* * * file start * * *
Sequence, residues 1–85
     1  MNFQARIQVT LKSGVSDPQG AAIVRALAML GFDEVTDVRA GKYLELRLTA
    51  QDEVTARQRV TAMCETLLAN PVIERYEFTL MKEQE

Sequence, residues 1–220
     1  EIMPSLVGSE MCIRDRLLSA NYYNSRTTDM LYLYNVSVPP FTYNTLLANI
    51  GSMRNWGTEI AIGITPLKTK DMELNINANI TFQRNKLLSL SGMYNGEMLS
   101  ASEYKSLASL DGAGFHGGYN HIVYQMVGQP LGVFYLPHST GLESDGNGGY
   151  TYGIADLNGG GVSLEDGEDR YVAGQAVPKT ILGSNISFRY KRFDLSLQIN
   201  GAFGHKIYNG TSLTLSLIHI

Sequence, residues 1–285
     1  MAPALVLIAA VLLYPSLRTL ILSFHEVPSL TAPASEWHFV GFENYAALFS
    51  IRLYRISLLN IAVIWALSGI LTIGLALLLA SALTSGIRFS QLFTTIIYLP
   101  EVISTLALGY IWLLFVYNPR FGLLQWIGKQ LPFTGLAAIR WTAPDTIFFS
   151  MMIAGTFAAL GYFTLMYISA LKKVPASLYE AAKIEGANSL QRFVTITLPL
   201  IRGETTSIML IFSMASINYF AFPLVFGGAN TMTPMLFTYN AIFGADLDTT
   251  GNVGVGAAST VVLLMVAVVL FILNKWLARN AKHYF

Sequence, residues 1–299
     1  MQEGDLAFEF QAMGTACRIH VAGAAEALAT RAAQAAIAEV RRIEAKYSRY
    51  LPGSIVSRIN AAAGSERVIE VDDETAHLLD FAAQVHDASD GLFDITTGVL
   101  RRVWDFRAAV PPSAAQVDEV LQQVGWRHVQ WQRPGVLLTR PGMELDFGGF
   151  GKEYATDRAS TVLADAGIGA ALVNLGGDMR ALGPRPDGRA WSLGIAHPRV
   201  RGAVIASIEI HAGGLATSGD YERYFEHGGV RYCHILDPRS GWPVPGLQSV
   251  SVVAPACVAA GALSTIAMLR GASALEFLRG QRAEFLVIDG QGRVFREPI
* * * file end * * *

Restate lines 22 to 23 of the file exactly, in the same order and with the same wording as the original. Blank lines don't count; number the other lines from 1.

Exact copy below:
   201  RGAVIASIEI HAGGLATSGD YERYFEHGGV RYCHILDPRS GWPVPGLQSV
   251  SVVAPACVAA GALSTIAMLR GASALEFLRG QRAEFLVIDG QGRVFREPI